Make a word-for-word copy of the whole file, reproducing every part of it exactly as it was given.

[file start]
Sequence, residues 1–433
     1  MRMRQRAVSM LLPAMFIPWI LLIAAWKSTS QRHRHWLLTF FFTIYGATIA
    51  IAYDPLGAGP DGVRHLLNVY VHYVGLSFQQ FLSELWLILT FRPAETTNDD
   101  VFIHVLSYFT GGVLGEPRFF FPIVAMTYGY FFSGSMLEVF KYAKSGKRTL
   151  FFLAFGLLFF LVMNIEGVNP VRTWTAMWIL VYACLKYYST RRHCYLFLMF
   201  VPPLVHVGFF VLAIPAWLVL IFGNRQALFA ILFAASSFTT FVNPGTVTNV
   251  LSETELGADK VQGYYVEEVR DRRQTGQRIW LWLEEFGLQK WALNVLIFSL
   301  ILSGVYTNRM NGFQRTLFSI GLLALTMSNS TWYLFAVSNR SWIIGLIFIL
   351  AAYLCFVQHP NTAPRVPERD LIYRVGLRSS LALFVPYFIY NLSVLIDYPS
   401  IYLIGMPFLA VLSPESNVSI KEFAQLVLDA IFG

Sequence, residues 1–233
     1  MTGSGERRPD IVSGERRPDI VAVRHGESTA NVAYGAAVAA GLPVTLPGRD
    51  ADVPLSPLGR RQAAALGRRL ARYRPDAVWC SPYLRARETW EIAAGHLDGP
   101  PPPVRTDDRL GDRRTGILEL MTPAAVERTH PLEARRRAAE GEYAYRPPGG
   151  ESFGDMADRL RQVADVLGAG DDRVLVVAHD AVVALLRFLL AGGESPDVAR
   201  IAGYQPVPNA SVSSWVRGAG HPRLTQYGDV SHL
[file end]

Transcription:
Sequence, residues 1–433
     1  MRMRQRAVSM LLPAMFIPWI LLIAAWKSTS QRHRHWLLTF FFTIYGATIA
    51  IAYDPLGAGP DGVRHLLNVY VHYVGLSFQQ FLSELWLILT FRPAETTNDD
   101  VFIHVLSYFT GGVLGEPRFF FPIVAMTYGY FFSGSMLEVF KYAKSGKRTL
   151  FFLAFGLLFF LVMNIEGVNP VRTWTAMWIL VYACLKYYST RRHCYLFLMF
   201  VPPLVHVGFF VLAIPAWLVL IFGNRQALFA ILFAASSFTT FVNPGTVTNV
   251  LSETELGADK VQGYYVEEVR DRRQTGQRIW LWLEEFGLQK WALNVLIFSL
   301  ILSGVYTNRM NGFQRTLFSI GLLALTMSNS TWYLFAVSNR SWIIGLIFIL
   351  AAYLCFVQHP NTAPRVPERD LIYRVGLRSS LALFVPYFIY NLSVLIDYPS
   401  IYLIGMPFLA VLSPESNVSI KEFAQLVLDA IFG

Sequence, residues 1–233
     1  MTGSGERRPD IVSGERRPDI VAVRHGESTA NVAYGAAVAA GLPVTLPGRD
    51  ADVPLSPLGR RQAAALGRRL ARYRPDAVWC SPYLRARETW EIAAGHLDGP
   101  PPPVRTDDRL GDRRTGILEL MTPAAVERTH PLEARRRAAE GEYAYRPPGG
   151  ESFGDMADRL RQVADVLGAG DDRVLVVAHD AVVALLRFLL AGGESPDVAR
   201  IAGYQPVPNA SVSSWVRGAG HPRLTQYGDV SHL